In India, nag champa is used in many temples as a joss stick, or agarbatti, as they are known in India. Joss sticks are burned as offerings in front of statues of gods, and they tend to create a very distinctive atmosphere in temples. Worshipers also typically leave offerings of food, crafts, and flowers when they pray, to further cultivate the goodwill of the gods. Joss sticks are also burned on home altars.

Because this is such a well known incense, it is typically very readily available. Health food stores and other establishments that cater to the counterculture typically carry it, and it is also available from Indian and Asian markets. Shoppers can recognize good quality incense by its grayish color and strong earthy scent, which is evident even before the incense is burned.

CulturalWorld.org is dedicated to providing accurate and trustworthy information. We carefully select reputable sources and employ a rigorous fact-checking process to maintain the highest standards. To learn more about our commitment to accuracy, read our editorial process.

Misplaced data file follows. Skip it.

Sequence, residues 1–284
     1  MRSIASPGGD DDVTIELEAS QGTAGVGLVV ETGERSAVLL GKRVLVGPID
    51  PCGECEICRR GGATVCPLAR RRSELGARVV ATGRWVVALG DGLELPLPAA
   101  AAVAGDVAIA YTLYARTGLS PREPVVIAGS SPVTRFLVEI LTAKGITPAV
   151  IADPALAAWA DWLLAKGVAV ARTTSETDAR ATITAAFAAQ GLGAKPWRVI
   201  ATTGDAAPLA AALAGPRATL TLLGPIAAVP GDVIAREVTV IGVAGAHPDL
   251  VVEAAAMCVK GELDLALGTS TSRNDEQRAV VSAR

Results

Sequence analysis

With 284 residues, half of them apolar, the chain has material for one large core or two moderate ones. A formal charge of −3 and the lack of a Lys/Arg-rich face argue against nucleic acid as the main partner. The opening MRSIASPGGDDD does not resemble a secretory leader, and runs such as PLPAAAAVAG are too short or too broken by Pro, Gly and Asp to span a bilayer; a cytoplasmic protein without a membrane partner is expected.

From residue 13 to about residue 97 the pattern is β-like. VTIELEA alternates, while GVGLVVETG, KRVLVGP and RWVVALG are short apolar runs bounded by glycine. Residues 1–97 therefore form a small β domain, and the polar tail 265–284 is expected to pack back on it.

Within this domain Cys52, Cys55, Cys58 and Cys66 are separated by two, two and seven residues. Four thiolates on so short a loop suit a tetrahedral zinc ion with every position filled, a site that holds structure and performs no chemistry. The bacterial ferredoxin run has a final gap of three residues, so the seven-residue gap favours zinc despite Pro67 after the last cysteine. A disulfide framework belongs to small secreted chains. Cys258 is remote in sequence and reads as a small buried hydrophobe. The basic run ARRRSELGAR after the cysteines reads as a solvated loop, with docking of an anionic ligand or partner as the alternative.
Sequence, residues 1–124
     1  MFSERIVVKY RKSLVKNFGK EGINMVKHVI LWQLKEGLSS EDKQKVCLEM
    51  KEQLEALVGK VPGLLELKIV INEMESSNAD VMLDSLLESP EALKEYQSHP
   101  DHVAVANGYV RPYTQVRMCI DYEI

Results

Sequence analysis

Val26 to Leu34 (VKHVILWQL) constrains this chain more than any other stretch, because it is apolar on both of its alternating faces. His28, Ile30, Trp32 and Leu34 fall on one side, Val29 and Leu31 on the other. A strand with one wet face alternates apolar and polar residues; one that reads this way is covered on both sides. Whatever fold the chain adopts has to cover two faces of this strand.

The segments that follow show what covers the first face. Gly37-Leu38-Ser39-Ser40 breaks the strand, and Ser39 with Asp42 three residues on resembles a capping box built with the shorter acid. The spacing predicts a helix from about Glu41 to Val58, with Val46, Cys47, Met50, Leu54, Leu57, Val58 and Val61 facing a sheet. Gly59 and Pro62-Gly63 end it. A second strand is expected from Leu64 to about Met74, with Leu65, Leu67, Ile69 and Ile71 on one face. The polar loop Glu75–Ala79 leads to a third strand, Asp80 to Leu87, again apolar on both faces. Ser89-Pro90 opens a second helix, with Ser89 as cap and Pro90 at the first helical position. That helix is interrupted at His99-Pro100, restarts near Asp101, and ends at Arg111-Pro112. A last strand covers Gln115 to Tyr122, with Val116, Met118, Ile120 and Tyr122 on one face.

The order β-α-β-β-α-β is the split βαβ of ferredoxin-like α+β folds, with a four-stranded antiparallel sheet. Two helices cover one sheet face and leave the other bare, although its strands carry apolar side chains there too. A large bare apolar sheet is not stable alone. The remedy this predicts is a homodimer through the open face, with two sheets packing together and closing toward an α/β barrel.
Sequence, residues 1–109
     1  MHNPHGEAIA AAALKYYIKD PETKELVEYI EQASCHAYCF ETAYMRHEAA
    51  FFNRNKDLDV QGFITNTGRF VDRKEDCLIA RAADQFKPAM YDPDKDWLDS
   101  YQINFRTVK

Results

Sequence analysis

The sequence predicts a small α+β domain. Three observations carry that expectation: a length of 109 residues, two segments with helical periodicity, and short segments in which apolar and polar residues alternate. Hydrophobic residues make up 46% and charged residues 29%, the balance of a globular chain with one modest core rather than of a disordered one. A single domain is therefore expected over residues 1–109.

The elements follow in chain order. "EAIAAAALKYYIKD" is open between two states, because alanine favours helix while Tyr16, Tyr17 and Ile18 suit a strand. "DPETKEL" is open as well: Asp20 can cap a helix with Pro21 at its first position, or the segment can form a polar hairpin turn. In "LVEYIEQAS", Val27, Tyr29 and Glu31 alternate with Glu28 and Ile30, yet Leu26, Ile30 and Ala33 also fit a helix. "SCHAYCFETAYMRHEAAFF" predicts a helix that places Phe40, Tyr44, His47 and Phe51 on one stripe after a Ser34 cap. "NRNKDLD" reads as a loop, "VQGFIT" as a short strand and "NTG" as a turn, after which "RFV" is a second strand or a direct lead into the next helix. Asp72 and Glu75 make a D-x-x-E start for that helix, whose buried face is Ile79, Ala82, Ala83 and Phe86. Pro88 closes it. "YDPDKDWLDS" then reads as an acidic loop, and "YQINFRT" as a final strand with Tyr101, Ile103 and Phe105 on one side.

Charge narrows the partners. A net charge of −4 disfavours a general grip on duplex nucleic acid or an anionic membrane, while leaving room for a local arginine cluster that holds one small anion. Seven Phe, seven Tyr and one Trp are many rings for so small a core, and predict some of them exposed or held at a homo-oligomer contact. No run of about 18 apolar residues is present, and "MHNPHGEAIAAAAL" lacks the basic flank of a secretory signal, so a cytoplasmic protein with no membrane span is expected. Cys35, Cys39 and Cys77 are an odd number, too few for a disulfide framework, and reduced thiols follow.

Mary McMahon
By Mary McMahon

Ever since she began contributing to the site several years ago, Mary has embraced the exciting challenge of being a CulturalWorld.org researcher and writer. Mary has a liberal arts degree from Goddard College and spends her free time reading, cooking, and exploring the great outdoors.

Discussion Comments
By anon995942 — On Jun 13, 2016

If you don't like it, don't use it. If you like it, use it. Get over it.

By anon992102 — On Aug 13, 2015